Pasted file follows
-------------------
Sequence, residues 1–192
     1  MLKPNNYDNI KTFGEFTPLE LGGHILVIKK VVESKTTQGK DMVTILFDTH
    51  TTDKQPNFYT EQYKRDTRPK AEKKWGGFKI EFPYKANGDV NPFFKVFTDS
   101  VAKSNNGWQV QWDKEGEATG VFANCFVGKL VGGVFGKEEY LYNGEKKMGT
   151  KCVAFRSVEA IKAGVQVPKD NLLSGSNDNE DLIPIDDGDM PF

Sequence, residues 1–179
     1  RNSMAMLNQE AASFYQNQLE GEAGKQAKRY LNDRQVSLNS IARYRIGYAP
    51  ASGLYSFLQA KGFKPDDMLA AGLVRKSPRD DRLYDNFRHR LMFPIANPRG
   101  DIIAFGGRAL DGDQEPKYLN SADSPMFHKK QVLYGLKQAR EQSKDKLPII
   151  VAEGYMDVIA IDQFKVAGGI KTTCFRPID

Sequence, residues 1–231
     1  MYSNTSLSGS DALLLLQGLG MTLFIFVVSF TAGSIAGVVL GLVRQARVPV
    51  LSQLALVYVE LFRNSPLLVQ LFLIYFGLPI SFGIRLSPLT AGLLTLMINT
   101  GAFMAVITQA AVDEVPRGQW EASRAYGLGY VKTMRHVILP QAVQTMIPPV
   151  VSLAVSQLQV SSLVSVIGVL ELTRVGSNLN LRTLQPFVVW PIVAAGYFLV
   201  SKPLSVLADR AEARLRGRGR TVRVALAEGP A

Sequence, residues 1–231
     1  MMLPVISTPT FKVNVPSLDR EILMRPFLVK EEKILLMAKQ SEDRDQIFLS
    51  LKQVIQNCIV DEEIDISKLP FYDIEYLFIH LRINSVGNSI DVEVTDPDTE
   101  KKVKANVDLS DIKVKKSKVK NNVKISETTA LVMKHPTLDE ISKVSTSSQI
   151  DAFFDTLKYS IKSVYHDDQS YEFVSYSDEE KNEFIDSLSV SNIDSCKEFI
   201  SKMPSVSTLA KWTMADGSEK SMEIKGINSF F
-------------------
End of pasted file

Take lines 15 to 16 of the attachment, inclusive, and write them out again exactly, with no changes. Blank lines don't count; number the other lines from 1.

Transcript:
   151  VSLAVSQLQV SSLVSVIGVL ELTRVGSNLN LRTLQPFVVW PIVAAGYFLV
   201  SKPLSVLADR AEARLRGRGR TVRVALAEGP A